Pension to Luce, Elizabeth
The following data is extracted from Compilation of the Messages and Papers of the Presidents: Grover Cleveland.
EXECUTIVE MANSION, June 19, 1886.
To the House of Representatives:
I return without approval House bill No. 5997, entitled "An act granting a pension to Elizabeth Luce."
The claimant named in this bill is the widow of John W. Luce, who entered the Army in August, 1861, and who was discharged in January, 1864, for a disability declared at the time in the surgeon's certificate to arise from "organic stricture of the urethra," which, from his statement, existed at the time of his enlistment.
Notwithstanding the admission which thus appears to have been made by him at the time of his discharge, he soon afterwards made an application for a pension, alleging that his difficulty arose from his being thrown forward on the pommel of his saddle when in the service.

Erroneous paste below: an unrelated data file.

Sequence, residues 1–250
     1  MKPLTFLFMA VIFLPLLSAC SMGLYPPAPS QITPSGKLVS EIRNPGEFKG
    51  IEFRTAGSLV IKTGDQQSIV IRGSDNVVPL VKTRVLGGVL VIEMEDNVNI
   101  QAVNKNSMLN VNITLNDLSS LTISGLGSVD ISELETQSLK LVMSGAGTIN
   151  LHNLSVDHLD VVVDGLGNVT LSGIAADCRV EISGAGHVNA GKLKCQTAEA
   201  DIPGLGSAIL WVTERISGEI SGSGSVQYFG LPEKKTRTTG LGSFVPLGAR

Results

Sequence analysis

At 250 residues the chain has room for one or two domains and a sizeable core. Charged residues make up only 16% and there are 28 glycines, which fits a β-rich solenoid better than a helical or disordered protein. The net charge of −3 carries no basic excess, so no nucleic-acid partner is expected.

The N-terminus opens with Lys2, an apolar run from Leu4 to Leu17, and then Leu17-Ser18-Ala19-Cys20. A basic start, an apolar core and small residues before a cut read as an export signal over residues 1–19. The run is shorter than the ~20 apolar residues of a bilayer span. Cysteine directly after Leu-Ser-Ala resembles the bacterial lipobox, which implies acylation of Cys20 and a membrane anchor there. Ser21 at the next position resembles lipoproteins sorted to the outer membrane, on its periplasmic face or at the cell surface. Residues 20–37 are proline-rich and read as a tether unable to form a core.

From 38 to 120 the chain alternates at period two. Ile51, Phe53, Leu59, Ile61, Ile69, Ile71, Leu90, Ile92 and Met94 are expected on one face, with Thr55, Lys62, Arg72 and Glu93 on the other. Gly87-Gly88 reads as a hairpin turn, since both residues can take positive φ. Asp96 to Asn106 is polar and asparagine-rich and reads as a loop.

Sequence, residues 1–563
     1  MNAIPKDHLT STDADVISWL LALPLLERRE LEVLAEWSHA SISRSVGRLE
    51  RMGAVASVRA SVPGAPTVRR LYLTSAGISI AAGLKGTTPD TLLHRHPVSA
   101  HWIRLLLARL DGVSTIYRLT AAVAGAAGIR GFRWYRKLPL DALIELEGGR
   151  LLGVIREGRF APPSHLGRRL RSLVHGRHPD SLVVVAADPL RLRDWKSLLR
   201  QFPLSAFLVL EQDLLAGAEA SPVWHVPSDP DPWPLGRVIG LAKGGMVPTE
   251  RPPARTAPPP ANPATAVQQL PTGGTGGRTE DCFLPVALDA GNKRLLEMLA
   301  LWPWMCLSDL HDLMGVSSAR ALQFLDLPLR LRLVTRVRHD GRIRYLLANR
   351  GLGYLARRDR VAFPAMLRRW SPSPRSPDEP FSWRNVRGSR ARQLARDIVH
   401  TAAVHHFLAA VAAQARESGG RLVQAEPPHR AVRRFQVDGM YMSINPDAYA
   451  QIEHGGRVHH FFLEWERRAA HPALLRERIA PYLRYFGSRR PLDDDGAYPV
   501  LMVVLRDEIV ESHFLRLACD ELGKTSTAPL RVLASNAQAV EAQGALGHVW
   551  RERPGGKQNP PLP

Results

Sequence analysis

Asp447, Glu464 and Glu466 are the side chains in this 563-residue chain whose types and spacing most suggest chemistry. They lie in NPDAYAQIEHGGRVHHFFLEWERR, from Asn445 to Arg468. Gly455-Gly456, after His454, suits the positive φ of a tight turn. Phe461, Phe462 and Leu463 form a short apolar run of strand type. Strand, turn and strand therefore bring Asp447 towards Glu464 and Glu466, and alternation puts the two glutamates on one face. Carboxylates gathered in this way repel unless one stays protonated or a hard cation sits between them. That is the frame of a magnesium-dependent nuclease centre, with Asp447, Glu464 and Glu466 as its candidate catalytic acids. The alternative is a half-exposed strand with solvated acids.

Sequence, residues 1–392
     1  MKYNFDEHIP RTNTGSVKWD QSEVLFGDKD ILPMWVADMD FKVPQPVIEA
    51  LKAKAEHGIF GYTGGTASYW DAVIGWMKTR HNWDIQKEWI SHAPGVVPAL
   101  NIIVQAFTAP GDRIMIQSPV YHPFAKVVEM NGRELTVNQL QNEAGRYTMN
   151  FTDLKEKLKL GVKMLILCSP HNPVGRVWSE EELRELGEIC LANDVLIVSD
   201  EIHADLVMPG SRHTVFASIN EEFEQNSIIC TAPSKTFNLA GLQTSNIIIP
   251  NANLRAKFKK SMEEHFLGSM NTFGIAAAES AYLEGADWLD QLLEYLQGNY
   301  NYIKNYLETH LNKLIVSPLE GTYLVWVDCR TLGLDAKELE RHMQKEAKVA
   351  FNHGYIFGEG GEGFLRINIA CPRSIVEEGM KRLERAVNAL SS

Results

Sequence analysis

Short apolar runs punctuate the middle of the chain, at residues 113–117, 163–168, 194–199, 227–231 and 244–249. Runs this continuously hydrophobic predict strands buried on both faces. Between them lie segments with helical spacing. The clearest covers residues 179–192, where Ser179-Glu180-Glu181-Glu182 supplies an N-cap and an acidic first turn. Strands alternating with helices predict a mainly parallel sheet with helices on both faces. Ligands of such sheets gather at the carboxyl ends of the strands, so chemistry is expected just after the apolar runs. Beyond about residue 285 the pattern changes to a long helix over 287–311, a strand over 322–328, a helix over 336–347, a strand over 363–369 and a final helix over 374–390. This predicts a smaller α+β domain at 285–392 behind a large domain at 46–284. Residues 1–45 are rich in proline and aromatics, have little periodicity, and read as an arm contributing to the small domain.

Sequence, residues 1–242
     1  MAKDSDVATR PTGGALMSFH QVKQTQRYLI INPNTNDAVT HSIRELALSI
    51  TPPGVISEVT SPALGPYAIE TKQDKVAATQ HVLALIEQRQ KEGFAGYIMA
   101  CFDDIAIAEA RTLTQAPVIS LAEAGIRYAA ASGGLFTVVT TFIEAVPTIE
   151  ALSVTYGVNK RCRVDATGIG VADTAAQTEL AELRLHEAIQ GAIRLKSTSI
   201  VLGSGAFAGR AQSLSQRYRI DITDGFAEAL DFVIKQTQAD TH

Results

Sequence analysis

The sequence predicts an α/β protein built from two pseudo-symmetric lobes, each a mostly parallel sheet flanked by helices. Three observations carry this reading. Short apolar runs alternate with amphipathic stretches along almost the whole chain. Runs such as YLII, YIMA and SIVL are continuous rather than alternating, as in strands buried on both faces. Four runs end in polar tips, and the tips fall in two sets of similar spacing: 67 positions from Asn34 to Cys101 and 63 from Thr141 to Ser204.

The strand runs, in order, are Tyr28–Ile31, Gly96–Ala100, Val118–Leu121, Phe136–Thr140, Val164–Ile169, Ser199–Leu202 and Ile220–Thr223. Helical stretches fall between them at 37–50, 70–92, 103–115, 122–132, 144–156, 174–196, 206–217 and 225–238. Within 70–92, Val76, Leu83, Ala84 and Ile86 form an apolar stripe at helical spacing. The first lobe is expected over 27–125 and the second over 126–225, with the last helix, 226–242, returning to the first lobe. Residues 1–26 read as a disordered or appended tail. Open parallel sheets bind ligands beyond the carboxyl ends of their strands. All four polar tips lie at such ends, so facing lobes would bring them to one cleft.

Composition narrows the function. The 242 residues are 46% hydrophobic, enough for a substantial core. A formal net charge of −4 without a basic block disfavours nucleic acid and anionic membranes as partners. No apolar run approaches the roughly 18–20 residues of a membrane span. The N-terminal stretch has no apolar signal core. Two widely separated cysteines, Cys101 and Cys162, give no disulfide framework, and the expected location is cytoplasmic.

Upon an examination of this claim by a special examiner, it is stated that no one could be found who had any knowledge of such an injury, and the claim was rejected.
In 1883, twenty years after the soldier alleged he was injured in the manner stated, he died, and the cause of his death was declared to be "chronic gastritis, complicated with kidney difficulty."
It is alleged that the examinations made by the Pension Bureau developed the fact that the deceased soldier was a man of quite intemperate habits.
The theory upon which this widow should be pensioned can only be that the death of her husband resulted from a disability or injury contracted or received in the military service. It seems to me that however satisfactorily the injury which he described may be established, and though every suspicion as to his habits be dismissed, there can hardly possibly be any connection between such an injury and the causes to which his death is attributed.
Source: Compilation of the Messages and Papers of the Presidents: Grover Cleveland